OUCC Proceedings 11 (1983)

How to Rope-Walk

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Graham Naylor


Of the two main methods of prusiking, rope-walking and sit-standing, it is only the latter that is properly documented or taught in this country. Sit-stand is thought to be the only practical means of rope climbing underground whilst rope-walking is left to the perverse. This is in marked contrast to the American attitude, where prusiking is synonymous with rope-walking. Despite what people in the know say, rope-walking isn't just good for long unrebelayed pitches. A good rope-walking system has the versatility to out-perform sit-standing on the most complicated rebelays characteristic of European caving. Sit-standing is rightly the system taught to SRT novices due to its simplicity, but despite its extra complications, rope-walking is a more powerful technique for those committed to SRT. It is however an art, and not acquired easily. A practical European prusiking system must be lightweight, compact and capable of negotiating changeovers. Compared to sit-stand, rope-walking needs only a simple sit-harness and a backbelt instead of a chest harness. The third 'spare' ascender is incorporated into the system leaving the option of converting - I was tempted to use the word 'downgrade' but I wouldn't want to stir up the sit-standers too much - to sit-stand in case of failure of an ascender. This extra ascender actually facilitates changeovers for the competent. I put forward here a suggested basic rig.

Sit harness

Unlike a sit-stander a rope-walker does not spend most of his time on his backside, so a simpler sit harness will suffice. Figure 1 shows the design for a simple harness combining comfort with compactness. It can be seen that the bottom strap is adjustable and can be pulled up and tightened round the waist to form a belay belt. The 4 inch tape in the diagram serves only to position the bottom strap. The end hooks to one of the roll-bar buckles at the front and does not impede movement or comfort.


The ascenders required for the system are shown in Figure 2. The right foot carries a Warsaw walker (Nicholls, 1981), which retains the advantages of a conventional Gibbs and yet is quick to attach or remove from the rope. At first sight, a lower ascender might seem to add inconvenience at changeovers; however, it is very useful for raising oneself above the belay at tight pitch heads, or where the belay is low down. Attachment to the foot must be secure for ease of control, and is best achieved by having a short tape loop, slightly bigger than the circumference of the boot, around the foot at the instep and an adjustable strap around the ankle. The floating ascender is either a standard or expedition Petzl, sitting around knee height. The foot-loop cord attaching this to the left foot is doubled, so that by removing one of the foot-loops from the foot, the ascender can be raised to head level. A simple piece of knotted elastic or car tyre inner tube around the ankle serves to keep the foot-loops on the foot when the prusiker is at speed. For safety, a second length of 9 mm dynamic rope attaches the floating ascender to the sit harness. The ascender is raised by a loop of elastic either placed round the neck (Editor) or taken over the shoulder to the rear of the harness (Graham). The elastic is clipped on to the ascender by means of a hook. The top ascender is a roller rope-walker, which is fixed to the sit- harness by a load-bearing tape running down the front of the chest, a fixture which is useful when resting (Ed: resting?), enabling the prusiker to sit down. A standard Howie belt is attached to the ascender by means of a hook or snap-link krab, to keep the prusiker upright and yet allow him to pass pitches on which there is a lip. To speed up putting the system on, all attachments to the sit-harness can be made by karabiners, though this does increase the system weight.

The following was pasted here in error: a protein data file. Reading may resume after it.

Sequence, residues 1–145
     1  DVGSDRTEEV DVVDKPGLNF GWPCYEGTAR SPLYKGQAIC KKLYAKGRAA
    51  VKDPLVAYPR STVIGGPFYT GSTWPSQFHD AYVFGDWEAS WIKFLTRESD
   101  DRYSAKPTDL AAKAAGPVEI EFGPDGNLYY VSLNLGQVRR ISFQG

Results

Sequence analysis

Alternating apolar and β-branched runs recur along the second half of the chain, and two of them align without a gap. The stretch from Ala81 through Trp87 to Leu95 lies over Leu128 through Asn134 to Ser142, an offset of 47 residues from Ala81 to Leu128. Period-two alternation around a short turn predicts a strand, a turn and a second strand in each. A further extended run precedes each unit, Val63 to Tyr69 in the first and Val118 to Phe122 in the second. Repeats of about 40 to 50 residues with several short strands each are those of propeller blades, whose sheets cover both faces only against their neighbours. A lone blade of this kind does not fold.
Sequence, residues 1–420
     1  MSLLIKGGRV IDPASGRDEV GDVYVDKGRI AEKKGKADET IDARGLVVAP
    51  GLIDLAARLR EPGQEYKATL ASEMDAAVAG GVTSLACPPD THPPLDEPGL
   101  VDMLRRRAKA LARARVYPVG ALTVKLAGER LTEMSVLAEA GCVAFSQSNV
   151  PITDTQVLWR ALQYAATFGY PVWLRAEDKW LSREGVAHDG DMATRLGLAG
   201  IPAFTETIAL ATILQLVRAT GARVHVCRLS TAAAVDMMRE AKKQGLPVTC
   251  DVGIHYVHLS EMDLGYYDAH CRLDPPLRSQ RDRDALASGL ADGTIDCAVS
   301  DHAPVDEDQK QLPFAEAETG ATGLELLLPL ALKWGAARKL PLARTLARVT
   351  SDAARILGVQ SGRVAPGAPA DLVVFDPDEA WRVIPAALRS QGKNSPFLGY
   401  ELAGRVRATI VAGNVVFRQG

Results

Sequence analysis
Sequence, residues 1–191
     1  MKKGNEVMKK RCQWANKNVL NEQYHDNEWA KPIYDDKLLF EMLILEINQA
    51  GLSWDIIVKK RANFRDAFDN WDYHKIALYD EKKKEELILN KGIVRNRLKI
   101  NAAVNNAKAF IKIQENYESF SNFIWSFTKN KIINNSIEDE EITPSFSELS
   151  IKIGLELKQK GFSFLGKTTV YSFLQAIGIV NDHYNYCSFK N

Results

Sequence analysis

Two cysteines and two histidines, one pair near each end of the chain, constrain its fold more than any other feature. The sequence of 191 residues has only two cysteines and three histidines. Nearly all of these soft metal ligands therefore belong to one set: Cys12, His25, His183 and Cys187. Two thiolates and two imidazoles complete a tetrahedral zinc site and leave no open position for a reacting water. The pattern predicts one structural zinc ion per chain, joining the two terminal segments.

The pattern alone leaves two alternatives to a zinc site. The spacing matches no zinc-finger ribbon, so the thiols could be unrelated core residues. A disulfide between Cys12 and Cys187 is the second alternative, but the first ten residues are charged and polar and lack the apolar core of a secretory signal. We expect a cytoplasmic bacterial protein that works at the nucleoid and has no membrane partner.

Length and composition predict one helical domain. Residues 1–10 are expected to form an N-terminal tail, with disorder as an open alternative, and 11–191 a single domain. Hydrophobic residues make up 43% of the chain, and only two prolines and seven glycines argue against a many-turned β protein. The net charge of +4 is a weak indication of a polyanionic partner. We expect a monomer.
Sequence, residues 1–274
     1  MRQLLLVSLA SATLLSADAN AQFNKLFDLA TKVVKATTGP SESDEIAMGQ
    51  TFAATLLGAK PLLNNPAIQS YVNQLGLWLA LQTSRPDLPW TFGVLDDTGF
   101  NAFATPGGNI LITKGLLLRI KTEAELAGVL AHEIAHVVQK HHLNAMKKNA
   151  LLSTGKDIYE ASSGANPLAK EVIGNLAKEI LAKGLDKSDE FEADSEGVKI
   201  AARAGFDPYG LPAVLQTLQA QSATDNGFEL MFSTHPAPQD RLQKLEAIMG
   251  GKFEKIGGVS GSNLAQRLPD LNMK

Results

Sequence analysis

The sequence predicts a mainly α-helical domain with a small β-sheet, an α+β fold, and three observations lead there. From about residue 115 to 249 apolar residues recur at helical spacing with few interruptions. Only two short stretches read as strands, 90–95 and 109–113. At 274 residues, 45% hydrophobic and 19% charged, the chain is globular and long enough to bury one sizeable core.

To pass a belay whilst prusiking, one foot-loop of the floating ascender (Figure 3) is removed from the foot and the floating ascender is taken off the rope and placed above the obstacle. The prusiker then removes his shoulder ascender and transfers that above the belay. Finally, the Warsaw walker, which will have allowed weight to be transferred between the two top ascenders easily, passes the knot and the floating ascender is moved to its normal position. Knots can also be passed in this manner. Such a system can pass any obstacle encountered underground with ease, and can pass some rebelays which would defeat sit-stand (Figure 4). Such a rebelay (the four-foot knot) would represent bad belaying technique, but something similar could be encountered in an emergency.

Setting up

A rope-walking system is highly personalised. It is very advisable, once you've got your ascenders, to spend a day dangling from a tree getting the lengths of foot-loops and tapes exactly right. Try every conceivable situation: an ideal loop length for foot prusiking may make changeovers from prusiking to abseiling impossible, for example. However, once you've picked the skill up and got the system right, it's like riding a ten-speed racing bike compared to the sit-standers on their metaphorical tricycles. Try it!


Nicholls, C., 1981. A novel ropewalking device - the Warsaw Walker. Proc. Oxford Univ. Cave Club 10, 68-72.